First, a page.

Flu is generally not a cause for concern, but it can affect certain people more seriously than others. Some high-risk groups that are especially advised to maintain their annual flu vaccination are:
- Pregnant women
- Kids aged between 6 months and 5 years
- People above the age of 65 years
- People with chronic medical conditions
- Healthcare workers (17)
Most-Asked Questions About Influenza (Flu)
Who are at higher risk for flu?
The following groups are more susceptible to contracting the flu and developing complications due to the infection:
- Children below the age of 4 years
- Adults above the age of 65 years
- People with chronic medical disorders (such as cardiopulmonary disease, diabetes mellitus, renal or hepatic insufficiency, hemoglobinopathies, and immunodeficiency)
- Women in the second or third trimester of pregnancy
- Patients with disorders that impair the handling of respiratory secretions (such as cognitive dysfunction, neuromuscular disorders, stroke, and seizure disorders)
- Patients below the age of 18 years who regularly take aspirin – They are at risk of Reye’s syndrome, which can cause swelling in the liver and brain. (18)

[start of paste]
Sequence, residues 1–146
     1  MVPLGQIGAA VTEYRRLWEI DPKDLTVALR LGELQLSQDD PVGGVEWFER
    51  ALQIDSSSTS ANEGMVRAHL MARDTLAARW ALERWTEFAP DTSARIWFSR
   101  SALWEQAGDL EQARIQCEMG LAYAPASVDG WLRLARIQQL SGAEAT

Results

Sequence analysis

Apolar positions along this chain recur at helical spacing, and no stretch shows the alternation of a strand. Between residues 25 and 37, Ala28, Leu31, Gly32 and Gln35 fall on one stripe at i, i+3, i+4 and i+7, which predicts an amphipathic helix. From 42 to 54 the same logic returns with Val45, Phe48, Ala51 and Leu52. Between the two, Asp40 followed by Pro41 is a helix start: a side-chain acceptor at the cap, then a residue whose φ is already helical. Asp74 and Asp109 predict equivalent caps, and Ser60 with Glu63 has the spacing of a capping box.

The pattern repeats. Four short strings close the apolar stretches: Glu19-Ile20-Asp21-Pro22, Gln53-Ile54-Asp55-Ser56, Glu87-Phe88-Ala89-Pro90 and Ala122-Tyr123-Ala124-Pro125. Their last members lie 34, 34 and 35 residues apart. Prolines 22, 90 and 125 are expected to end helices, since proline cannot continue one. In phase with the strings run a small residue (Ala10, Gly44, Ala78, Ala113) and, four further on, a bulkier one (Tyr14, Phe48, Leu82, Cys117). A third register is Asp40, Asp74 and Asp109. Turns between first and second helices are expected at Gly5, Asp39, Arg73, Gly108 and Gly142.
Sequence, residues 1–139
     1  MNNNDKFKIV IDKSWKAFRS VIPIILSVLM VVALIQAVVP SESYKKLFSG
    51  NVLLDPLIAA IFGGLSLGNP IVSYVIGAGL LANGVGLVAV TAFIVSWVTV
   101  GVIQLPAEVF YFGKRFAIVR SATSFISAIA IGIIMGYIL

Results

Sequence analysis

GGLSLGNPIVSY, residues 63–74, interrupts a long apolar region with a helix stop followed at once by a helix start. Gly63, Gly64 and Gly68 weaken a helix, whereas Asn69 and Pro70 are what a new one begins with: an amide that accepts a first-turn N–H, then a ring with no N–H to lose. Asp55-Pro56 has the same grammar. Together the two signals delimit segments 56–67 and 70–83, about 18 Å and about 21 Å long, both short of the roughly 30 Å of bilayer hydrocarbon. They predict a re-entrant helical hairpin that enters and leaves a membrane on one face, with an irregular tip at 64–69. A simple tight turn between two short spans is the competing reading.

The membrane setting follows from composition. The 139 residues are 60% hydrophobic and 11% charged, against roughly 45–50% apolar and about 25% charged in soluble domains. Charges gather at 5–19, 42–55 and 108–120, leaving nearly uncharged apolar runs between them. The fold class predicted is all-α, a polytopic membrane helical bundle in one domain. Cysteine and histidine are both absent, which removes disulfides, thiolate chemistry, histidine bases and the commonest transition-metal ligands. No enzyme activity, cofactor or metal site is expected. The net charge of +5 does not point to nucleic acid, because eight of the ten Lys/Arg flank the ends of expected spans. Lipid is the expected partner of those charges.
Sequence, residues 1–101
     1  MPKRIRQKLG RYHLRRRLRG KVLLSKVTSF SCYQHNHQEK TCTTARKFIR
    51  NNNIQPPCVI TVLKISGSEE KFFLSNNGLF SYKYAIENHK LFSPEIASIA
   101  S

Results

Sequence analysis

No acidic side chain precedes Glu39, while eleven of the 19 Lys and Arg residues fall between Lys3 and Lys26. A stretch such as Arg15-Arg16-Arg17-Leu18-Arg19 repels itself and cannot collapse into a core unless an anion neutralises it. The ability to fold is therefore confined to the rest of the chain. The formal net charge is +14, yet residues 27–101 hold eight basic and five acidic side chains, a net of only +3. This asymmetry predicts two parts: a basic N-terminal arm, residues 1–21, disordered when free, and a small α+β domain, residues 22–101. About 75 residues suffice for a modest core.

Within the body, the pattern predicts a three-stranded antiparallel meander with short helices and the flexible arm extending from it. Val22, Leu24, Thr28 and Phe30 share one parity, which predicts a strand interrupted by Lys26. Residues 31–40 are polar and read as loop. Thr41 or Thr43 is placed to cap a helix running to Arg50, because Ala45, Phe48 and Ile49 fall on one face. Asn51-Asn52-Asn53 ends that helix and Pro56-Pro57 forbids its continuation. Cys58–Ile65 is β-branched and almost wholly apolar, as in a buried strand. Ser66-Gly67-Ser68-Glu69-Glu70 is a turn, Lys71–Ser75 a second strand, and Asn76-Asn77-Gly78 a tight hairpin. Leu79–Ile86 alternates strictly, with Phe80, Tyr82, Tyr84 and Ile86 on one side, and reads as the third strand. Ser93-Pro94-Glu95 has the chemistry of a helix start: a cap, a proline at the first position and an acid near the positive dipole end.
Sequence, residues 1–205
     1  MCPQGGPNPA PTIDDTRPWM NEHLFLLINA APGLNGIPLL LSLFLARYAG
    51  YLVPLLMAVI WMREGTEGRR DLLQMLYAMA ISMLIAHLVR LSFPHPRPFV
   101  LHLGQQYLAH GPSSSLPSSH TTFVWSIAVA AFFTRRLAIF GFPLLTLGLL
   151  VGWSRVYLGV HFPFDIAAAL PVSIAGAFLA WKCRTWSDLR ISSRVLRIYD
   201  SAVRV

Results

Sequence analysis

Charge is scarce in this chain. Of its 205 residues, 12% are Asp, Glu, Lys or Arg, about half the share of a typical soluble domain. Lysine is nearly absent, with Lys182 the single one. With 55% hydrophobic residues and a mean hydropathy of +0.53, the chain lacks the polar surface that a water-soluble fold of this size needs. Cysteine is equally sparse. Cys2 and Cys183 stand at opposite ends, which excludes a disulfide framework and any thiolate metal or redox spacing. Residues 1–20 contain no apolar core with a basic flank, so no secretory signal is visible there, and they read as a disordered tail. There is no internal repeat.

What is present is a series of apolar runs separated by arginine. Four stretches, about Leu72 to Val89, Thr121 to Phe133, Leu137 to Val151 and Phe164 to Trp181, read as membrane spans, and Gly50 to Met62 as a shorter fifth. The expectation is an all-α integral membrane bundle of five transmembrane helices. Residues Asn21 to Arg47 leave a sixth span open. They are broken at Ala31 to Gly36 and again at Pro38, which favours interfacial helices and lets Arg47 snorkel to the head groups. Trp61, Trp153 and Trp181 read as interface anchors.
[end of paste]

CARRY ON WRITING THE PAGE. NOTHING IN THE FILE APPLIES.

What are the differences between flu and COVID-19?
Flu and COVID-19 are both respiratory infections that are highly contagious and have many similar symptoms such as fever, nasal discharge, cough, headaches, fatigue, and sore throat. But here are some key differences between the two:
- Flu is caused by the influenza virus, whereas COVID-19 is caused by a coronavirus named SARS-CoV-2.
- Patients with COVID-19 develop symptoms 2–14 days after exposure to the coronavirus, whereas flu symptoms tend to appear within 1–4 days after exposure to the influenza virus.
- COVID-19 symptoms persist far longer than flu.
- COVID-19 tends to remain contagious far longer than flu.
- Unlike flu, COVID-19 can trigger serious long-lasting complications such as blood clots, systemic inflammation, and brain fog.
Flu and COVID-19 share many common symptoms, which means they cannot be distinguished on the basis of symptoms alone. Thus, you have no choice but to get tested for a proper diagnosis.
Certain PCR tests can test for flu and COVID-19 at the same time, but you will require separate testing if these are not available. Talk to a healthcare provider about getting tested for both flu and COVID-19 if you have symptoms. (19)
Can I have flu and COVID-19 at the same time?
Yes. It is possible to contract flu and COVID-19 simultaneously, but there isn’t enough data to know how commonly this happens. Studies are being conducted to determine the same. (19)
The first thing you need to do to avoid infections such as the flu is to build your immunity through a healthy diet and lifestyle. During weather changes, pay additional attention to hygienic precautions.
Another simple method for battling germs that cause the flu is by being vaccinated. If your symptoms increase or don’t improve after 7–8 days, don’t ignore them – talk to a professional and get assistance.